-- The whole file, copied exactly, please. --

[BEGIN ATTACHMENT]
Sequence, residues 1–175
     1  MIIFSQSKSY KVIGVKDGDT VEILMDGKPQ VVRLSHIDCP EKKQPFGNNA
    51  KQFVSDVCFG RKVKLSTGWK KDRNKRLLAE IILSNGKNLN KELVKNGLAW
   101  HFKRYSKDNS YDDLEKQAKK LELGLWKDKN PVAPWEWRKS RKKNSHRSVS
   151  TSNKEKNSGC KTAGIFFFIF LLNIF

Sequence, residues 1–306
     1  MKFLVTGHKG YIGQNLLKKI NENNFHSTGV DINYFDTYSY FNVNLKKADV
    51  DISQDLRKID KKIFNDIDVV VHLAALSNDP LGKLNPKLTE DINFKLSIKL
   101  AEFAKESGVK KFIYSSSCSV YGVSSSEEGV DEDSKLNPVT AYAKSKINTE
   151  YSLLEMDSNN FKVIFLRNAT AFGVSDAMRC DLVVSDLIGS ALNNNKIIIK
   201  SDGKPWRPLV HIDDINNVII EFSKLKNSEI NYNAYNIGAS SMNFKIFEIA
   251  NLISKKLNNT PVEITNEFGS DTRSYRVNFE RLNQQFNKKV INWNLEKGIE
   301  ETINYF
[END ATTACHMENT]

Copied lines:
Sequence, residues 1–175
     1  MIIFSQSKSY KVIGVKDGDT VEILMDGKPQ VVRLSHIDCP EKKQPFGNNA
    51  KQFVSDVCFG RKVKLSTGWK KDRNKRLLAE IILSNGKNLN KELVKNGLAW
   101  HFKRYSKDNS YDDLEKQAKK LELGLWKDKN PVAPWEWRKS RKKNSHRSVS
   151  TSNKEKNSGC KTAGIFFFIF LLNIF

Sequence, residues 1–306
     1  MKFLVTGHKG YIGQNLLKKI NENNFHSTGV DINYFDTYSY FNVNLKKADV
    51  DISQDLRKID KKIFNDIDVV VHLAALSNDP LGKLNPKLTE DINFKLSIKL
   101  AEFAKESGVK KFIYSSSCSV YGVSSSEEGV DEDSKLNPVT AYAKSKINTE
   151  YSLLEMDSNN FKVIFLRNAT AFGVSDAMRC DLVVSDLIGS ALNNNKIIIK
   201  SDGKPWRPLV HIDDINNVII EFSKLKNSEI NYNAYNIGAS SMNFKIFEIA
   251  NLISKKLNNT PVEITNEFGS DTRSYRVNFE RLNQQFNKKV INWNLEKGIE
   301  ETINYF